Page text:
Having turned off from your road and entered the wood, you have really gone through a gate which is now closed behind you, and your ordinary world is shut out with all its noise and sorrow and care.
– John Stewart Collis
This evening we went for a walk on a winding path through a tall canopy of trees, with ivy twined high and the undergrowth diverse with wild fern, moss and lichen. Only a few metres from our main entrance laneway, this particular path has just been cleared for walking pedestrians, exposing the rich forest fauna as yet undisturbed by human feet.
Whimsical Sylvan Charm: In the dusk I notice one very tall, young tree; it’s almost dark but I know it’s a Sycamore. I scan the tree for signs of stress under the ivy’s grasp: these two have grown up together and seem to know how to exist symbiotically. I realise with gratitude how familiar a vast array of Killruddery’s plants and trees have become to me – I recall the scents, shapes and colours of the day.
The umbrella Osmanthus, with extending tentacles and scent of jasmine; grass mown in regimented lines with Speedwell and Daisies its decor; on, under the under the Turkey Oak, planted when my father-in-law was born – demonstrating the growth of a tree in the life span of a human; Copper Beech – so vibrant in Midsummer, with leaves abundant; my respects to the old Larch tree, easing the visual and chemical effect of Sitka Spruce plantations, now as high as it was in the 19th century (before a storm blew off it’s head) and the embrace of its branches as my children explore its shade and gather cones; wander on, past the Rhododendrons who drop now the last of their flowers; turn to the black Elderflower, ornate in her pink lace. Move to the granite steps at the back of The Rock, into cool woodland once again: now Holly, Yew, Rowan and a finale of Bluebells; pick a Buttercup and various wild grasses (here the rock opens into views as far as the Dublin Mountains) – breathe here! Back into shade with tiny Anemones and woodland treasures – feathers, seeds, bark…and the quiet. Down here, through proud Oaks, Hornbeam; mature Rock Wood, cleared of undergrowth in recent years by our Gardening Team and underplanted with woodland varieties.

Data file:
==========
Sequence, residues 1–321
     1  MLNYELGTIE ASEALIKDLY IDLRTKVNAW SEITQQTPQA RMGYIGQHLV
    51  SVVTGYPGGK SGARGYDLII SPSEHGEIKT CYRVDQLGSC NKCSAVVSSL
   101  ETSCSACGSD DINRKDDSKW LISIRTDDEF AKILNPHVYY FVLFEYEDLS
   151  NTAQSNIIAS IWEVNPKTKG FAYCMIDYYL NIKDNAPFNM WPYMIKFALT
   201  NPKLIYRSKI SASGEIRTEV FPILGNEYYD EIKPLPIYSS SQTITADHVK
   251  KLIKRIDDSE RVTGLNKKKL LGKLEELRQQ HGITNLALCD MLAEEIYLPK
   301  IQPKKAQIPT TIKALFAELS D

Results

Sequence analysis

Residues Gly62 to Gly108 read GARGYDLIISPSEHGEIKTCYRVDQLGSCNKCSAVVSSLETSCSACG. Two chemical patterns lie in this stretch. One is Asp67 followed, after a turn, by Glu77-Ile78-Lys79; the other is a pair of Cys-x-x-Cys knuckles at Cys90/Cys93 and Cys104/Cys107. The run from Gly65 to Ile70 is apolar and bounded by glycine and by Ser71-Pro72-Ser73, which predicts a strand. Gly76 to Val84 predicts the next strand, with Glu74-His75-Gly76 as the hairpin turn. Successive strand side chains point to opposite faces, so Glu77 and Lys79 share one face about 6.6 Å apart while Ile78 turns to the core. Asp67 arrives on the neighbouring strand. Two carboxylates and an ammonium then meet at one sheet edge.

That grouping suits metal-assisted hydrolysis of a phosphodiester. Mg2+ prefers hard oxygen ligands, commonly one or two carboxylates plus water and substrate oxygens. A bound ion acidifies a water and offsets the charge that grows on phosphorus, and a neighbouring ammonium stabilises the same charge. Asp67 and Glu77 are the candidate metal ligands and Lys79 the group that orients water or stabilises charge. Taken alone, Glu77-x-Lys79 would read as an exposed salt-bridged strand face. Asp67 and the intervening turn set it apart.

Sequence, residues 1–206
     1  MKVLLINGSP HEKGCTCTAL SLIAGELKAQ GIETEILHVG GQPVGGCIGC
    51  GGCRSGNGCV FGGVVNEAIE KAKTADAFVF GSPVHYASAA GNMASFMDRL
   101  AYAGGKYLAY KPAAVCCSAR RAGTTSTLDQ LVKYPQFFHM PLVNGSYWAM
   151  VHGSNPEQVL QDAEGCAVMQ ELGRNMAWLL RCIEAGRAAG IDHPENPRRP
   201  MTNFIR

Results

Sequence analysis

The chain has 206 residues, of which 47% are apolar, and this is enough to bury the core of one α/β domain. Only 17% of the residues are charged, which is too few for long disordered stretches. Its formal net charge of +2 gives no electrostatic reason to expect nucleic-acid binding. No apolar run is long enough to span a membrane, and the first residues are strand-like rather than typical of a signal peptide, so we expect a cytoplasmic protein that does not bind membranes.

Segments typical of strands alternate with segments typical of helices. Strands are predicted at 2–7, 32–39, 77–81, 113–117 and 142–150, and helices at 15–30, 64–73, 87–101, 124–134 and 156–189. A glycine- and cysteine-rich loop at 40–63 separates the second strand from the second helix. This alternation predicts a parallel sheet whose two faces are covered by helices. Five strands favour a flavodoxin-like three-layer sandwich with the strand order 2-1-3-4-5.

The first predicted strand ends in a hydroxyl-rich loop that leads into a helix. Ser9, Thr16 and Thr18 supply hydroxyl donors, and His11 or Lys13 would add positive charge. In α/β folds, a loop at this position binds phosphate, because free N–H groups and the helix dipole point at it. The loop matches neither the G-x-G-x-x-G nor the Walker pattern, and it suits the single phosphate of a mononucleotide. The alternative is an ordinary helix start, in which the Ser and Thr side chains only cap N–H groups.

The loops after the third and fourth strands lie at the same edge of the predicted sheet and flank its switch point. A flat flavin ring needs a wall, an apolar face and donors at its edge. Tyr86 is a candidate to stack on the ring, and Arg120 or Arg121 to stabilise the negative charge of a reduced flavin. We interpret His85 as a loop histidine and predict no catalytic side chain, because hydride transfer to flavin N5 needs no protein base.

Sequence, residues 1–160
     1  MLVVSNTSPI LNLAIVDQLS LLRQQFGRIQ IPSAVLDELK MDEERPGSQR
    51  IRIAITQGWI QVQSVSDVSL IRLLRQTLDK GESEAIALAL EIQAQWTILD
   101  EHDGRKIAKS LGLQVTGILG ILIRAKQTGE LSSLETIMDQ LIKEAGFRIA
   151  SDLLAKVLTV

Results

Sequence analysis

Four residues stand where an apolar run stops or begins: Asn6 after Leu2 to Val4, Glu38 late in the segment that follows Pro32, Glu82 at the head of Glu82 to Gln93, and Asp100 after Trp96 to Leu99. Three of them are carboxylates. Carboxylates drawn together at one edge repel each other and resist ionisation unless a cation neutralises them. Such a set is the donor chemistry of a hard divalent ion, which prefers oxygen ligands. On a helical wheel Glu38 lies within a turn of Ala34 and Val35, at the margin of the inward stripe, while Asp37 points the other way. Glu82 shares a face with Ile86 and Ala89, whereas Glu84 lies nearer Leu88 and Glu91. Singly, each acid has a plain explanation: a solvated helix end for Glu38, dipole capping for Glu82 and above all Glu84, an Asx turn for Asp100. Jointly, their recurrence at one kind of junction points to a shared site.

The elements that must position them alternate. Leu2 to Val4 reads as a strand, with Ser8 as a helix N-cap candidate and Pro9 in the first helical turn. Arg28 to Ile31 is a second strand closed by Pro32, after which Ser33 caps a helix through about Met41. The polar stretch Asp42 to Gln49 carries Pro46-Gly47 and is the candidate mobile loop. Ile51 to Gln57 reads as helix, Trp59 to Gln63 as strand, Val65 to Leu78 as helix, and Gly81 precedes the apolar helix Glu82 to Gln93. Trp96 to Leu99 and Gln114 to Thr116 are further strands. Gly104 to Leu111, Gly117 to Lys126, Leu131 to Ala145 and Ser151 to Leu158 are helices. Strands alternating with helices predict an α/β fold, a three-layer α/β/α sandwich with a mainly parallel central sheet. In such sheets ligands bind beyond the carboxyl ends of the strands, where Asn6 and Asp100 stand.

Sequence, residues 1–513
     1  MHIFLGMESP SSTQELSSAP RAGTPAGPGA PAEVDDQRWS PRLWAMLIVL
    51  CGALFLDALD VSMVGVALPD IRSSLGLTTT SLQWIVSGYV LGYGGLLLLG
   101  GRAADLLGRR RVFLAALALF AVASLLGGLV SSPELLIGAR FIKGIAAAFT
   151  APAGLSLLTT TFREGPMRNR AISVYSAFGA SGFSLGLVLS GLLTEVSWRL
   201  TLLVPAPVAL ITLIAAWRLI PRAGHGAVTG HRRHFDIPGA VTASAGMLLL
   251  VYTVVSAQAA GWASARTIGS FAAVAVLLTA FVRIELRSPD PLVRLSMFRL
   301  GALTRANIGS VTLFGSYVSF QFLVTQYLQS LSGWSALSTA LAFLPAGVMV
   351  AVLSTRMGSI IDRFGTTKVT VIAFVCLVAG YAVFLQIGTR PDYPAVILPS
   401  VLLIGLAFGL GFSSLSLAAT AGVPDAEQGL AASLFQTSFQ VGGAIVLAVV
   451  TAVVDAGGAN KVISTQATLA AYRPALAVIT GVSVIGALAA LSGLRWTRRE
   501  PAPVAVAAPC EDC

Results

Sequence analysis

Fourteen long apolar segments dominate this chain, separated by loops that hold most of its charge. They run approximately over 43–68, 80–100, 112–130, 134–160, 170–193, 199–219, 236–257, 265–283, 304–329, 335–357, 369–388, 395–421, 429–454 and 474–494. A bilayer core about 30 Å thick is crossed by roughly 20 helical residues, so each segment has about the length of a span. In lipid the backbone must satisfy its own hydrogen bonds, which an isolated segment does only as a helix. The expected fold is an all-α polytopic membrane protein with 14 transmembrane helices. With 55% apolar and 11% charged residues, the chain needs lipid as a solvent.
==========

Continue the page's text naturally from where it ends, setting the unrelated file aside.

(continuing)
My ever growing connection to the shape shifting Gardens and woodland that surrounds my home is awakened as I meet this young Sycamore on our new Pedestrian Path. I’m reminded why it’s so important for people and families to find a way through the woods: we thrive as one amongst the trees! It’s so precious to connect with nature and, hand in hand, observe the passing of time.
As an art student I spent hours drawing plants in the Glasshouse in the National Botanic Gardens. I am ever grateful to those gardeners who tended to the plants – and to the plants themselves. Occasionally I get to return and see all the succulents – the Staghorn Fern stands out for me amongst others. I have forgotten their names, but not their impact. Twenty years they have changed in shape, but they continue to thrive. My world has been enriched by observing them! It has allowed me to reconsider my vital place amongst other creations on this beautiful planet Earth.
If you come to the Gardens by foot this year, I hope you will walk with delight through these woods and with eyes wide open – and then I hope you will return and become part of a family who shall witness this century’s creativity and growth at Killruddery.
My recommended reading on the lives of trees and plants:
– The Wisdom of Trees by Max Adams
– The Hidden Lives of Trees by Peter Wohlleben
– Ireland’s Trees by Niall Mac Coitir